3  The third subfield is the BFR-Prefix (see [RFC8279]) of the
         originator of the route that is carrying this PTA.  This will
         either be a /32 IPv4 address or a /128 IPv6 address.  Whether
         the address is IPv4 or IPv6 can be inferred from the total
         length of the PMSI Tunnel attribute.

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         The BFR-prefix need not be the same IP address that is carried
         in any other field of the x-PMSI A-D route, even if the BFIR is
         the originating router of the x-PMSI A-D route.

   *  "MPLS label".  For EVPN-MPLS [RFC7432], this field contains an
      upstream-assigned MPLS label.  It is assigned by the BFIR.
      Constraints on the way in which the originating router selects
      this label are discussed in Section 2.3.  For EVPN-VXLAN/NVGRE/
      GENEVE [RFC8365], this field is a 24-bit VNI/VSID of global
      significance.

   *  "Flags".  When the tunnel type is BIER, two of the flags in the
      PTA Flags field are meaningful.  Details about the use of these
      flags can be found in Section 2.2.

      -  "Leaf Info Required per Flow (LIR-pF)" [RFC8534]

      -  "Leaf Info Required Bit (LIR)"

   Note that if a PTA specifying "BIER" is attached to an IMET, S-PMSI
   A-D, or per-region I-PMSI A-D route, the route MUST NOT be
   distributed beyond the boundaries of a BIER domain.  That is, any
   routers that receive the route must be in the same BIER domain as the
   originator of the route.  If the originator is in more than one BIER
   domain, the route must be distributed only within the BIER domain in
   which the BFR-Prefix in the PTA uniquely identifies the originator.
   As with all MVPN routes, distribution of these routes is controlled
   by the provisioning of Route Targets.

2.1.  IP Based Tunnel and BIER PHP

   When VXLAN/NVGRE/GENEVE is used for EVPN, by default the outer IP
   header (and UDP header in case of VXLAN/GENVE) is not included in the
   BIER payload, except when it is known apriori that BIER PHP [I-
   D.ietf-bier-php] is used in the BIER domain and the encapsulation
   (after BIER header is popped) between the BIER Penultimate Hop and
   the egress PE does not have a way to indicate the next header is
   VXLAN/NVGRE/GENEVE.  In that case the full VXLAN/NVGRE/GENEVE
   encapsulation with an IP header MUST be included in the BIER payload.
   A well-known IP multicast address (to be assigned by IANA) is used as
   the destination address and the egress PEs MUST be set up to receive
   and process packets addressed to the address.  The address is used
   for all BDs, and the inner VXLAN/NVGRE/GENEVE header will be used to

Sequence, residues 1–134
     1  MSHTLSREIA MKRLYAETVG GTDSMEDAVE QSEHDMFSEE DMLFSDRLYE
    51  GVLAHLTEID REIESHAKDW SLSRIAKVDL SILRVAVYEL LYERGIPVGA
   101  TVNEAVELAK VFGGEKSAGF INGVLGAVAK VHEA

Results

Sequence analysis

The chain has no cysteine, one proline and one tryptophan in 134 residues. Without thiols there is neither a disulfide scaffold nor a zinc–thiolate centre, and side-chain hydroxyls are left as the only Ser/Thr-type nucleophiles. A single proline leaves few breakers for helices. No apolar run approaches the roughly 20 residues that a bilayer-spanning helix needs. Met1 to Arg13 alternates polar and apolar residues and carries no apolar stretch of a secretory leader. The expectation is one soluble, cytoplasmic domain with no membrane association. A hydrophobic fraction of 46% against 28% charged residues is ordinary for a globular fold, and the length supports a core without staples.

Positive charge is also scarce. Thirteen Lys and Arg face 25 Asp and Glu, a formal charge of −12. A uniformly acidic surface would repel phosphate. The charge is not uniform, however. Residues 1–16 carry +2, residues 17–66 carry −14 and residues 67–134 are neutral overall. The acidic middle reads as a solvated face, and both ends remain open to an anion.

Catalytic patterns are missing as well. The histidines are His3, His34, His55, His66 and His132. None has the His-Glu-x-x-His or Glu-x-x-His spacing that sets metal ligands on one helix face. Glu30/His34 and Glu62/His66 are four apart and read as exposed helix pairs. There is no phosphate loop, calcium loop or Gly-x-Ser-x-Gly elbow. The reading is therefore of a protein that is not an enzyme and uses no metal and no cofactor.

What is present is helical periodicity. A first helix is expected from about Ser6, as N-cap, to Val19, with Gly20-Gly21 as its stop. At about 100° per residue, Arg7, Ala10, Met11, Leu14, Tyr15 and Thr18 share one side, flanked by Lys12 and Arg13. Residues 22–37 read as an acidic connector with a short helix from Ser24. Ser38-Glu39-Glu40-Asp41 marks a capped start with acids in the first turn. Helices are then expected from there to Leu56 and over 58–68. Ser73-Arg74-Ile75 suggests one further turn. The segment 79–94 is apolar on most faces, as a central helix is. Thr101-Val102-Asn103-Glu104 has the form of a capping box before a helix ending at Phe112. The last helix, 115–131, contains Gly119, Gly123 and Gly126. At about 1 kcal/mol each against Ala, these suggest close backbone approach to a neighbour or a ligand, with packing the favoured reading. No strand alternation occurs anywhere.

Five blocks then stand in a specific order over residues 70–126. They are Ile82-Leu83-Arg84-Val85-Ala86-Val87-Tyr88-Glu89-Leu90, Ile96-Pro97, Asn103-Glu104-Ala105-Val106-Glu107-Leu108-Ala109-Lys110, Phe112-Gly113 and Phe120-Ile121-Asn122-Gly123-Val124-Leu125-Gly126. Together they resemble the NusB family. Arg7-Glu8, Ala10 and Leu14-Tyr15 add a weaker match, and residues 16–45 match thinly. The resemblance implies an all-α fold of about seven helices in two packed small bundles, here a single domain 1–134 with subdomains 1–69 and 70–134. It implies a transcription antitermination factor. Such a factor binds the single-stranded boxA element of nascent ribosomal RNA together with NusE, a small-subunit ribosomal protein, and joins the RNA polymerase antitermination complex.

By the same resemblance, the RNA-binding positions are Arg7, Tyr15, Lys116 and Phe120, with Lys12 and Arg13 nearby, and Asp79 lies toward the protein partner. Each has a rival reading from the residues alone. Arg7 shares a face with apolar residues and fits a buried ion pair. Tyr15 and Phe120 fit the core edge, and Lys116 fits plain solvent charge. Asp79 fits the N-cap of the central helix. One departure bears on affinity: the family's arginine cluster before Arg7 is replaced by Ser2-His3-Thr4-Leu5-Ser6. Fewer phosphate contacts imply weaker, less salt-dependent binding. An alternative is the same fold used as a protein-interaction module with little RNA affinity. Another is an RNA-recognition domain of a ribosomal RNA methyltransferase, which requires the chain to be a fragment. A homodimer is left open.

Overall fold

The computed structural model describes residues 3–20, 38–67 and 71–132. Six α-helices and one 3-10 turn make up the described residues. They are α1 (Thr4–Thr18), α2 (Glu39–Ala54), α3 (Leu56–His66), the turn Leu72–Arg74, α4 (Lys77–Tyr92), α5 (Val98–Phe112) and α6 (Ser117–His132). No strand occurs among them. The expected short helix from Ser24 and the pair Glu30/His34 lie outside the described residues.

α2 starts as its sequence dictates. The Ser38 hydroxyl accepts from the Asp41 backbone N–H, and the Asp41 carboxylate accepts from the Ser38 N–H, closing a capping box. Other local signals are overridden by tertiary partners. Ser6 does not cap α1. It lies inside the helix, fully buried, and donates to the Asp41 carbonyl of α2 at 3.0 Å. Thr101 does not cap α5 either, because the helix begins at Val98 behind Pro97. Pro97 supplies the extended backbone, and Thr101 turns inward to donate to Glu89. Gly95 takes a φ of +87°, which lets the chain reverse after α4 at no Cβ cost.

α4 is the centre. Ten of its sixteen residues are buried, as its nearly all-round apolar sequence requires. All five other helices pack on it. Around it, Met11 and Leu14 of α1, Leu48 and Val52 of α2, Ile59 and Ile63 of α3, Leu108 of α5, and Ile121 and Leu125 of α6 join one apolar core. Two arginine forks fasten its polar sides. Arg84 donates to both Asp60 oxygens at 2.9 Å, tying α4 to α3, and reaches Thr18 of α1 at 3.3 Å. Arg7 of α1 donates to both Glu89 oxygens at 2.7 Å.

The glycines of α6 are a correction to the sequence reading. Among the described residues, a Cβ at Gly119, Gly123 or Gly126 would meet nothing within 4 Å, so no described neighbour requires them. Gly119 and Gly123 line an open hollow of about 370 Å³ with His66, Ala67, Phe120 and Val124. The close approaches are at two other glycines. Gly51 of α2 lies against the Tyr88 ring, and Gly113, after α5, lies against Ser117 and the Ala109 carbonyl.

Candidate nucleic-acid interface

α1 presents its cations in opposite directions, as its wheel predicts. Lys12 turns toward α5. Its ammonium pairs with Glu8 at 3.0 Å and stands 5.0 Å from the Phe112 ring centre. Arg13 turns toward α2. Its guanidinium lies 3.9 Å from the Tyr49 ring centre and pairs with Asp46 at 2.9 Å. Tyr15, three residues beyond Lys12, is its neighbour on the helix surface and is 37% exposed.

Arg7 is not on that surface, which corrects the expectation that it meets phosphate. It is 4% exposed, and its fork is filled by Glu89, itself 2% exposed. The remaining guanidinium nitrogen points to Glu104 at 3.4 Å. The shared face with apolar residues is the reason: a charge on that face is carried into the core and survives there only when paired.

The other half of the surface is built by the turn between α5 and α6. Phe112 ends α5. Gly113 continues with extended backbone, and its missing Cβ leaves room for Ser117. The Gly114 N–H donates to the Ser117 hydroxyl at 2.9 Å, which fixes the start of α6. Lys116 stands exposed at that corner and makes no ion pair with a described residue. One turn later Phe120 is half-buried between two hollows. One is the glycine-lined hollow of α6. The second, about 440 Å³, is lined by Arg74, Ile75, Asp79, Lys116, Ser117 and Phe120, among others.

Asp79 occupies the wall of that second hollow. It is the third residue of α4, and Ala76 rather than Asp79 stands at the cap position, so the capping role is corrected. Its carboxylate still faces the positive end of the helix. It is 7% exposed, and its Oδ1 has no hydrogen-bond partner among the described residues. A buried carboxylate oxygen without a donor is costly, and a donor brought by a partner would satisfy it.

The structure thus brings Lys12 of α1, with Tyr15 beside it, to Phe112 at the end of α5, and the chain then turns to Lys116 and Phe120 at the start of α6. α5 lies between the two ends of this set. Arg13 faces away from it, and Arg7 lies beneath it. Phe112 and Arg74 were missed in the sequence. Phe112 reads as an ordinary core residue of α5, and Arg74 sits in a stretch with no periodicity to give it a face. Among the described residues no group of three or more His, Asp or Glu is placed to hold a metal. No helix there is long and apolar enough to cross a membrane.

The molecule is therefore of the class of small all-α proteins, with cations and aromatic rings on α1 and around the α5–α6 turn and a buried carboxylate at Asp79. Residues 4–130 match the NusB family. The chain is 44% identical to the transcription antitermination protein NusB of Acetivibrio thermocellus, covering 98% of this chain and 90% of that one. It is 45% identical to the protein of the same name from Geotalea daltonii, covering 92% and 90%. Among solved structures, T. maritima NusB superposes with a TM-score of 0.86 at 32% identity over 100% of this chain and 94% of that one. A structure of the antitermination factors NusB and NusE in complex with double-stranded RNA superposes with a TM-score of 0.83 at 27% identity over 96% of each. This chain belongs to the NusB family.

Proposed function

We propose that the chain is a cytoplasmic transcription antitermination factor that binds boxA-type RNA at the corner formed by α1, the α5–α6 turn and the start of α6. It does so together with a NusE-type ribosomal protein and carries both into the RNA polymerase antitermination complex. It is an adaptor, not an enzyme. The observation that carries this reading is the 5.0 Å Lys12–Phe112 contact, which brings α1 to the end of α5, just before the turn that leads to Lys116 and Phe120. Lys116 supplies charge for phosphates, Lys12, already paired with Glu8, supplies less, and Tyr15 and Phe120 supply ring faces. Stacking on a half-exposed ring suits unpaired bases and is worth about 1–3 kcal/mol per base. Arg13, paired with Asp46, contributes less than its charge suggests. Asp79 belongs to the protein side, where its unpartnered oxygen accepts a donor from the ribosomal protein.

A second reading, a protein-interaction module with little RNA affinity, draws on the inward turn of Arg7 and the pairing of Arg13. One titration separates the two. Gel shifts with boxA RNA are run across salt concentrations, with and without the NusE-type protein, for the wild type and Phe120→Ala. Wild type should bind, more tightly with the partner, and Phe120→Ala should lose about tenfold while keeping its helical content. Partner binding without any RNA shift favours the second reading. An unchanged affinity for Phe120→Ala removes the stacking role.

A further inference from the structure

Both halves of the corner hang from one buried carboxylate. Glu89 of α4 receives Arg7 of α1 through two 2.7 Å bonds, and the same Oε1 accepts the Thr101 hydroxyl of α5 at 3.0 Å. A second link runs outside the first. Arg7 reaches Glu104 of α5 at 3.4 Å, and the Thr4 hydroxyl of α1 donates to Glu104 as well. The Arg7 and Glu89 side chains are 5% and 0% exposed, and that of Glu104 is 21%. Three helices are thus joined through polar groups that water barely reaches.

identify BDs.

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2.2.  Explicit Tracking

   When using BIER to transport an EVPN BUM data packet through a BIER
   domain, an ingress PE functions as a BFIR (see [RFC8279]).  The BFIR
   must determine the set of BFERs to which the packet needs to be
   delivered.  This can be done in either of two ways in the following
   two sections.

2.2.1.  Using IMET/SMET routes

   Both IMET and SMET (Selective Multicast Ethernet Tag [RFC9251])
   routes provide explicit tracking functionality.

   For an inclusive PMSI, the set of BFERs to deliver traffic to
   includes the originators of all IMET routes for a broadcast domain.
   For a selective PMSI, the set of BFERs to deliver traffic to includes
   the originators of corresponding SMET routes.

   The SMET routes do not carry a PTA.  When an ingress PE sends traffic
   on a selective tunnel using BIER, it uses the upstream assigned label
   that is advertised in its IMET route.

   Only when selectively forwarding is for all flows without tunnel
   segmentation, SMET routes are used without the need for S-PMSI A-D
   routes.  Otherwise, the procedures in the following section apply.

2.2.2.  Using S-PMSI/Leaf A-D Routes

   There are two cases where S-PMSI/Leaf A-D routes are used as
   discussed in the following two sections.

2.2.2.1.  Selective Forwarding Only for Some Flows

   With the SMET procedure, a PE advertises an SMET route for each
   (C-S,C-G) or (C-*,C-G) state that it learns on its ACs, and each SMET
   route is tracked by every PE in the same broadcast domain.  It may be
   desired that SMET routes are not used to reduce the burden of
   explicit tracking.

   In this case, most multicast traffic will follow the I-PMSI
   (advertised via IMET route) and only some flows follow S-PMSIs.  To
   achieve that, S-PMSI/Leaf A-D routes can be used, as specified in